PR: And it’s cool that we have our new place. This is a seven-barrel brewhouse. We can play around here. Those beers might be a flop, and we won’t can those.
AM: There was a time too that the amount of beer we had… we fucked up a seven-barrel batch, we were out of here. So we couldn’t really experiment as much as we wanted to. The new location has really freed things up.
JD: So here at the Alberta location, we come up with new recipes and with things that go over really well here, Andy and I will work together and he’ll scale it up, manage the production of it, and put it in cans. Chad Eaton, who’s our incredible can artist, when we really like something we’ll reach out to him and he’ll draw something for us and that’s a fun process as well.
KG: Where are you all from?
JD: Philly, as well.
KG: But you guys didn’t know each other? Even though you were both in the music industry?
PR: Different styles. I ran a record label for six years. It sounds weird, but I used to rap. This is… I’m talking 1998 to 2004.
JD: He’s being modest. He was on stage with Digable Planets.
PR: I did open up for a lot of people. I freestyled with Eminem at one point. That was probably my biggest claim to fame. We’ve had our music played on MTV’s Real World. We toured Europe twice.
AM: He raps at our Christmas Party.
JD: I got into the music scene because I don’t have a lot of good music skills, but I love music. I got in as a DJ in the mid 90s to late 2000s. Turntables, and I was involved in the rave scene and electronic music. Then I went to school for sound arts and got a degree in recording. I started working with a band who was a couple good friends of mine, and we were throwing these warehouse parties with visual artists, kind of channeling the Acid Tests of the Kesey time period. I won’t say anymore about that. Our band, the Moodoculators, got pretty popular in the Bay Area. We were having these big parties and then our bass player, Ryan, fell in love with a girl from Portland and moved up here. To keep the music project together, we all moved to Portland. Basically, as soon as we got up here, all our girlfriends and significant others were pregnant and the music project ended. But then I met these guys. And as it turns out, Ryan, who convinced me to move here, is now our restaurant director.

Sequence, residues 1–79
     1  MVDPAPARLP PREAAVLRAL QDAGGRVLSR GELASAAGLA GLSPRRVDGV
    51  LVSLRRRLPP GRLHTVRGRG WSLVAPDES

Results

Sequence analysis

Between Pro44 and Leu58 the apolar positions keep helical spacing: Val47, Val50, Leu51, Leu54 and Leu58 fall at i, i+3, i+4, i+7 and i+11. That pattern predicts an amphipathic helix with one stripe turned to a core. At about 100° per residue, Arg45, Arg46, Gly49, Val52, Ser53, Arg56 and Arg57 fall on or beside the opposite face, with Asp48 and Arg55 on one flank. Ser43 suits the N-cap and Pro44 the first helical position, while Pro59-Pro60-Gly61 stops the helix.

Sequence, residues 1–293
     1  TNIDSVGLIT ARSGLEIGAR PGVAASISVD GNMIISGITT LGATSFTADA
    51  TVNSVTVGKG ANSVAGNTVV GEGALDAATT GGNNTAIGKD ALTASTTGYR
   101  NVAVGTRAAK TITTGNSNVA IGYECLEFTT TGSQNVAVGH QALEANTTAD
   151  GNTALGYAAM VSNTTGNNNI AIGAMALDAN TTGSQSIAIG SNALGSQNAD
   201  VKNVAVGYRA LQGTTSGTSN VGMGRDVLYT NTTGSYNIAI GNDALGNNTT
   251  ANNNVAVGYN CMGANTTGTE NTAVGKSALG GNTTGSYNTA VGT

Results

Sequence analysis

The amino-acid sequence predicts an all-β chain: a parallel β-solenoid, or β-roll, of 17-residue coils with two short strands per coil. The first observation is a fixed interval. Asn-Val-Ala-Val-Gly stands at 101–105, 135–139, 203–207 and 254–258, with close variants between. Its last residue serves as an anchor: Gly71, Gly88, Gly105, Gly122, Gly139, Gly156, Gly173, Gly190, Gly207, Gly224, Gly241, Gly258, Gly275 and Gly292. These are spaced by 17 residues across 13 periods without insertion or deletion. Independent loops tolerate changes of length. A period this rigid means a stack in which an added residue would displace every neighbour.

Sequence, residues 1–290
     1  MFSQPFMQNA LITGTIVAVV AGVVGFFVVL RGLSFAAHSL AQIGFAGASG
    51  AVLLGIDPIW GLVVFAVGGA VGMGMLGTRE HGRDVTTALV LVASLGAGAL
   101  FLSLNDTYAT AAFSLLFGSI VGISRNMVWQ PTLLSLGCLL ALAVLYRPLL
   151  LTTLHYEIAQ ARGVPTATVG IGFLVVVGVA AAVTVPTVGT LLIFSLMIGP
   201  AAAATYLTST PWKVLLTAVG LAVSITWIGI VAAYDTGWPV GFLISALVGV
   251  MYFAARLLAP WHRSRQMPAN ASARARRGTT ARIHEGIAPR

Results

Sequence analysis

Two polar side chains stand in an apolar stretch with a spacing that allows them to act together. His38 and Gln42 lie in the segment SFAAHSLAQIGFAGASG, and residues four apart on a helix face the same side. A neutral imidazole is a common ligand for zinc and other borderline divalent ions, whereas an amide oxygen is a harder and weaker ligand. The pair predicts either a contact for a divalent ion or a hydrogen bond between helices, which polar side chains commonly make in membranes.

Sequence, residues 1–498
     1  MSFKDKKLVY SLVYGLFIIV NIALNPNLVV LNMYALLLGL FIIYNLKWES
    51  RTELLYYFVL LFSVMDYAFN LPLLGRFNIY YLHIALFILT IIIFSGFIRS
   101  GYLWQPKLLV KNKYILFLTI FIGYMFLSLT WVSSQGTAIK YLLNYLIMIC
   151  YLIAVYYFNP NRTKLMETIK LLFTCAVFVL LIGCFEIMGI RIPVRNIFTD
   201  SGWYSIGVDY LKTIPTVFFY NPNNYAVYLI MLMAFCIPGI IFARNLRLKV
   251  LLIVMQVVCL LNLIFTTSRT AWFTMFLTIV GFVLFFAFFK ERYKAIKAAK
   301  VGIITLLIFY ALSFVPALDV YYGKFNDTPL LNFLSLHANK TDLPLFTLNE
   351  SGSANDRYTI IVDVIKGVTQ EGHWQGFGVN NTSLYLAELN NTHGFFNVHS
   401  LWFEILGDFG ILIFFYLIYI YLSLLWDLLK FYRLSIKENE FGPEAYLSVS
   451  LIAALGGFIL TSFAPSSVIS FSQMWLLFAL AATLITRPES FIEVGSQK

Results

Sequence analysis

KG: Andy, what’s your background?
AM: I was going to Auburn University and took an internship for landscape horticulture on the West Coast that I thought would be close to my friends in San Diego and it was here in Portland, Oregon. I figured out it was really far from San Diego, but I loved the area. I went home, missed it, and wanted to come back. I came back in 2000 and I’ve been here ever since. I was working for a landscape company and I left to follow a guy who was starting his own thing. I worked there for a number of years until my first son was born, and then I became a stay-at-home dad. I was homebrewing more and more, and that’s how this started.
JD: Life’s so interesting, right? If we all hadn’t ended up moving onto the same street, Great Notion wouldn’t exist. But somehow that happened and it’s a trip. I’m pretty sure I wouldn’t have opened a brewery if not for these guys.
AM: I mean, James and I were talking about opening a brewery but we never could’ve made it work without Paul. We would’ve been some three-barrel brewery named Totem or Seahorse with no money.